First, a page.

Prepare yourself with information ahead of your birth so that you will be armed with knowledge of the risks, benefits, and alternatives to every procedure or intervention—not only to save money but to prepare yourself physically, emotionally, and spiritually for your new bundle of joy and how he or she will be birthed into the world.
Know ahead of time your preferences on costly procedures or interventions so that you are prepared for the bill later. This includes your stance on a range of procedures including, but not limited to, interventions during your labor, newborn shots, ointments, circumcision, and feeding preferences.
Remember 4-1-1: Delay going into the hospital until you are in active labor with contractions coming every 4 minutes, lasting 1 minute in length, for at least 1 hour. Going into the hospital too early may not only increase your chances of more costly interventions such as induction, epidural usage, and/or instrumental or caesarian delivery, but at most hospitals if you go in at 11:30pm you get charged for the entire day even though you were only there for 30 minutes of that day!
Obviously go when you absolutely need to, but if you are educated on the stages of labor, you will have a much better experience.
All in all, to cut back on birthing expenses surround yourself with positive support, become empowered with knowledge through books and other experienced women, and double check every bill you get in the mail after your prenatal care, labor, and delivery! I can’t tell you how many bills I received that were incorrectly billed in excess and had I not noticed and done the groundwork to get the bills corrected I would have paid thousands more out-of-pocket than necessary! Armed with knowledge of what is really necessary to birth your baby will make all the difference in the world, not only in the memories of your birth experience for years to come but in also in your ability to make the most informed financial decisions during this life-changing event.
Have you hired a doula in the past? Are you considering hiring a doula for the birth of your next child? Do you have any tips for how to cut back on birthing expenses?
Valerie Rohde is a wife, a new mom, and a childbirth doula working toward certification. She has a full time “day job” on top of the many other hats she wears while she and her husband are working hard toward becoming financially free of old debts and student loans. She is currently working toward her doula certification as well as becoming a childbirth educator and lactation consultant. She has an intrinsic love for writing and has just begun chronicling her family’s financial journey at Taking the Rohde Less Traveled as well as her more personal journey to parenthood here.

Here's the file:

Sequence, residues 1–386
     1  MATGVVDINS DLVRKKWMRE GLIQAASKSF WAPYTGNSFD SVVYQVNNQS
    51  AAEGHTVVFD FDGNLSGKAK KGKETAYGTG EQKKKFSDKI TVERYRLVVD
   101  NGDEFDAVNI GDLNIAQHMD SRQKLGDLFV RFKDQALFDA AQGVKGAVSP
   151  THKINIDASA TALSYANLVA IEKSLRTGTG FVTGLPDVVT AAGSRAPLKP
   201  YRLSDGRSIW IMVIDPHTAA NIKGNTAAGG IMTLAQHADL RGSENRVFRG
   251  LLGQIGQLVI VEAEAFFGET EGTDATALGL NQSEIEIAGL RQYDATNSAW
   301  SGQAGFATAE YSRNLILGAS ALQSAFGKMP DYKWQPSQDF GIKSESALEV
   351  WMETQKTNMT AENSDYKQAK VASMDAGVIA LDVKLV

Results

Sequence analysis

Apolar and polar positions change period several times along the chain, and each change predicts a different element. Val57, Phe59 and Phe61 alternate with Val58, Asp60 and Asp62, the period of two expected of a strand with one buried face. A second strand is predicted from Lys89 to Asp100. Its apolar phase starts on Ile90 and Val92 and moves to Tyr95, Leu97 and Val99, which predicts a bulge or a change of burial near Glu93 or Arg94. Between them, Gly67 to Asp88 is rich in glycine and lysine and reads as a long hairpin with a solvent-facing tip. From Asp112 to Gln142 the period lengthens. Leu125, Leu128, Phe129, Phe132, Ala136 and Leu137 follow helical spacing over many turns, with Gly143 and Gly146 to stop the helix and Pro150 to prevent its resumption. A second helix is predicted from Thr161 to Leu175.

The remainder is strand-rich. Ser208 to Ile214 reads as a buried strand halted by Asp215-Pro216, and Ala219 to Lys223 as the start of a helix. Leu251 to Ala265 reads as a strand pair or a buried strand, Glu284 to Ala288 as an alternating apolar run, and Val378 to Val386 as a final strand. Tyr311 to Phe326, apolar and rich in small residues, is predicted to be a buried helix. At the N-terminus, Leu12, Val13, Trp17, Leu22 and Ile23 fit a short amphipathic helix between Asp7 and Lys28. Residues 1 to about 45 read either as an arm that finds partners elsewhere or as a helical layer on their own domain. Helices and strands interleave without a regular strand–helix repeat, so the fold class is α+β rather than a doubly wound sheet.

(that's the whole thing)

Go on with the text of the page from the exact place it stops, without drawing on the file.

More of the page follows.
“When the world says give up, hope whispers try it one more time.” -Unknown
Maybe you’ve tried to complete the Spending Fast. Maybe you failed. Maybe you had an emergency or just fell back into your old habits. It happens. But the best part is: you can start again. You can try it one more time.
How are you trying to save “one more time?” Talk to me in the comments!
As someone who has “been there,” do you have any words of wisdom how couples should talk to each other when working out money issues?
– Haven’t Been There, Done That, Yet
No two couples are alike and no two individuals are the same. When it comes to couple topics, money is often high on the list because everyone differs in their thinking and beliefs where finances are concerned. People often cite money woes as a reason for a relationship disconnect, so it is important from the get-go to understand where your mate is coming from when it comes to money. The old adage about mixing family and money is often sage advice for many people, but when it comes to money matters for couples, it’s nearly impossible to avoid a mixture. Couples need to come together and stick together for present and future financial planning.
“Don’t go through life, grow through life.” -Eric Butterworth
I strongly believe in life-long learning. I believe in learning from our mistakes and becoming a better person because of it. The money mistakes I made in the past were a blessing because I learned from them. I intend to grow through my life.
How are you growing through life? Let’s chat in the comments.
I’ve found myself in both a moral and financial pickle, and I would like to hear other people’s opinions on this. Any advice or comment would be greatly appreciated!
First of all I need to say that in my family, we don’t discuss things. My upbringing has been pretty authoritarian — my parents often used phrases like “You can’t do that because I said so”, and they never talked to me about sex, death or money. I had no idea how much they earned, how much it cost to run a household, how credit cards work — I was pretty much financially illiterate. Only later I realized that my parents are not that good in managing money, either. I’m not saying I blame my parents for my own financial stupidity, I’m just trying to illustrate where I came from.